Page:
Ambassador of the Wild Kingdom
TV-host conservationist brings his passion, animals to Chico
From an early age, wildlife conservationist Peter Gros was hardwired to fall in love with the natural world.
Growing up in New York’s Hudson Valley, his backyard playground was 3,600 acres of a wooded preserve, maintained by his grandfather, a forester who immigrated from Germany in the 1940s and eventually managed the area. Exploring flora and fauna—particularly fauna—quickly became a lifelong passion for Gros; he’s led a life filled with inspiring experiences, from which he says it’s hard to pick a favorite moment.
“The massive herds of elephants I’ve seen in Africa … that’s an amazing sight. Swimming with dolphins, working with tigers. Those are a few of my favorite moments,” he told the CN&R by phone. “Nature in its wild state is just such a treat.”
While Gros has been enamored with nature since his youth, he didn’t immediately pursue it as a career option. He first experimented with art school, then did a tour of duty in Vietnam, where he built roads and hospitals with the U.S. Navy Seabees.
He eventually returned to his roots when he enrolled in animal husbandry training at Marine World/Africa USA, a former 200-acre theme park in Redwood City. There, Gros rediscovered his love of wildlife. After becoming the park’s director of land animals, he established breeding programs for endangered species and worked with the park’s lecture program, helping educate youth about wild animals.
One particular moment in the mid-1980s created a unique, life-altering opportunity.
Gros was tending to seven baby tiger cubs—the largest litter in captivity at the time, he explained—and “the mother had let me into the cage. Someone snapped a photo and that picture made the rounds, before ‘going viral’ was a thing.”
The photo caught the attention of Johnny Carson, who asked Gros to come on The Tonight Show. Happily accepting the offer, Gros brought the young cubs with him, using the opportunity to educate people about endangered species and other wildlife.
Carson’s other guest that night was Jim Fowler, then-host of Mutual of Omaha’s Wild Kingdom, a documentary television series about nature and wildlife. Fowler invited Gros to be part of his team, and in 1985, Gros was initiated as co-host by filming a segment in which he dived alongside great white sharks.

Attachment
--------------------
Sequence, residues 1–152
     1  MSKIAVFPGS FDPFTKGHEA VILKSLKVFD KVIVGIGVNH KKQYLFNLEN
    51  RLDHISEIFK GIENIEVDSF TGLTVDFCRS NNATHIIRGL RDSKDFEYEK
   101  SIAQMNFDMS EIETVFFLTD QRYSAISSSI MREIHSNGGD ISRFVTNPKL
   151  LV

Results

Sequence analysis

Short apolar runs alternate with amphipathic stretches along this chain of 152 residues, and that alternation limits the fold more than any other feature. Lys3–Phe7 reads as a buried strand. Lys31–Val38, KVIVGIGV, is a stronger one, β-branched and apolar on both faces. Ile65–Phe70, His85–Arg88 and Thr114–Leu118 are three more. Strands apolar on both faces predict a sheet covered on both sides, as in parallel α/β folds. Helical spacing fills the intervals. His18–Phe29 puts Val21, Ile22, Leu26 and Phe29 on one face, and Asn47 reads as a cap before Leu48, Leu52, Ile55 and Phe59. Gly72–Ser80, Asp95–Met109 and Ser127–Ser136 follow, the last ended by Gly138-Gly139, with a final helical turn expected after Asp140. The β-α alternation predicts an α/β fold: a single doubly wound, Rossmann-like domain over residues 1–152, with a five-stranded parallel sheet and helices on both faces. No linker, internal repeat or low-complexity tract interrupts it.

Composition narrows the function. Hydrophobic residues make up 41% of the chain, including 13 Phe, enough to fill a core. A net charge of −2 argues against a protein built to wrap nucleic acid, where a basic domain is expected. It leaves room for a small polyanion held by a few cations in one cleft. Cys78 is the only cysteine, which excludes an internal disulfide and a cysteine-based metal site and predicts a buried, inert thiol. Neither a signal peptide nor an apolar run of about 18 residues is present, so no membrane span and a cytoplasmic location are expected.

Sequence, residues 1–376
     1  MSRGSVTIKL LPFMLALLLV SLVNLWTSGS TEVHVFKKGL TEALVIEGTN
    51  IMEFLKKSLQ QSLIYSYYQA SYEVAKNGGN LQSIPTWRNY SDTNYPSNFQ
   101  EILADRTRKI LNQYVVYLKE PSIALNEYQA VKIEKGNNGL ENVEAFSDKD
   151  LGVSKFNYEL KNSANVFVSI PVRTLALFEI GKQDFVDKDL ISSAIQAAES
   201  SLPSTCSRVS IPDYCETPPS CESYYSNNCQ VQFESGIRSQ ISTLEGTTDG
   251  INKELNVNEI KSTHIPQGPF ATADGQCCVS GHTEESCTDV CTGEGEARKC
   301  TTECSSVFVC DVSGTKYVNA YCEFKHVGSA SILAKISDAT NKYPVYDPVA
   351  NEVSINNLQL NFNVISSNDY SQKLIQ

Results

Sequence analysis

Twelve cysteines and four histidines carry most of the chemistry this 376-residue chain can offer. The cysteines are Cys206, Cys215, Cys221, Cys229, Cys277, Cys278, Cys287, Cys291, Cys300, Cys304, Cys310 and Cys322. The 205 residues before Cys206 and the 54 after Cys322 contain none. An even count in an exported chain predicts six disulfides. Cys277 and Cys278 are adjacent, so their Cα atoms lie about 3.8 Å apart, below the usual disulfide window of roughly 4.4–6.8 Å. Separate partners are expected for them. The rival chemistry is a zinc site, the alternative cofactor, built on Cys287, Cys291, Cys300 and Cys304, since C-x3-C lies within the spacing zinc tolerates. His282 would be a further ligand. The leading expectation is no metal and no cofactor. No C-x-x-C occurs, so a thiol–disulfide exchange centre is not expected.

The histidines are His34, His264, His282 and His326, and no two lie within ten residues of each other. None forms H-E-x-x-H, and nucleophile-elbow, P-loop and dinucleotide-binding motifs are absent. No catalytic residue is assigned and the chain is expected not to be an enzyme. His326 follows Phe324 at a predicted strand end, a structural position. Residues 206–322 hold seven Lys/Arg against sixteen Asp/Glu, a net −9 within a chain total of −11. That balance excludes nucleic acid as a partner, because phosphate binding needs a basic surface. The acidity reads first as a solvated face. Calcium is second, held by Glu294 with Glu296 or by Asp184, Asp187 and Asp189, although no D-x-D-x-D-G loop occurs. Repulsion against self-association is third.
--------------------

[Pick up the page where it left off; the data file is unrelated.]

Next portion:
While Gros continues to appear on TV—as co-host of Wild Kingdom’s second incarnation, which airs on Animal Planet, and a favorite guest on ABC’s Live with Kelly and Ryan—his focus has shifted to live lectures.
For the past 15 years, Gros has been giving presentations at universities, museums, science centers and other venues around the country, where he educates and encourages people to get involved with the natural world. Wednesday (March 6), his tour brings him to Chico; he’ll share his wildlife experiences at Laxson Auditorium.
“The greatest joy [with these presentations] has been creating a sense of hope and not presenting a doom-and-gloom story about the environment,” he said. “Sure, there are problems, but there are a lot of success stories, and I think those should be talked about at least as much as the other stories.
“We used to use DDT [an insecticide that proved widely toxic] … but we stopped using it, and look at the resurgence of birds! Lots of animals have come off the endangered species list: bald eagles, grizzly bears, the list goes on and on. If people can see the progress, they’re more likely to feel motivated to help, and maybe even get involved on a local level.”
So how can Chicoans get involved? Gros suggested community efforts: Pitch in during park clean-up days. Help at the Chico Creek Nature Center. Look for replanting programs in the area. Become a Park Watch volunteer.
“There are so many jobs and volunteer activities that can get you out in nature,” he said, noting that “Chico is a unique location, having both Bidwell Park and the Sacramento River right there. There are lots of birding opportunities; and, if you go farther north, you’ll find red-tailed hawks and vultures.”
Fitting with his optimistic outlook of nature’s future, Gros offers a sense of hope in the aftermath of the Camp Fire.
“I remember the Yellowstone fires of 1988,” he said. “It took about 10 years, but the ecosystem thrived again. It is absolutely devastating, but things will recover.”
Those interested in Gros’ Chico presentation can expect visits from animals representing all parts of the continent—lemurs, reptiles, honey bears—most of which have been rescued and cannot be released into the wild again. “Instead,” he noted, “they get to serve as wonderful ambassadors for their species!”
Steven Cummins, director of University Public Events, says attendees have a lot to look forward to.
“There’s that aha moment when kids and families get to see animals up close; it creates a wonderful energy and excitement,” Cummins said by phone. “And behind that, there’s an important message about conservation. We have to understand the species so we can help them.”
Gros wishes to create that human-animal connection during his Chico performance.
“My hope is that people will want to get more involved with the natural world,” he said. “In my opinion, there’s no better way to improve our lives than to get out into nature.”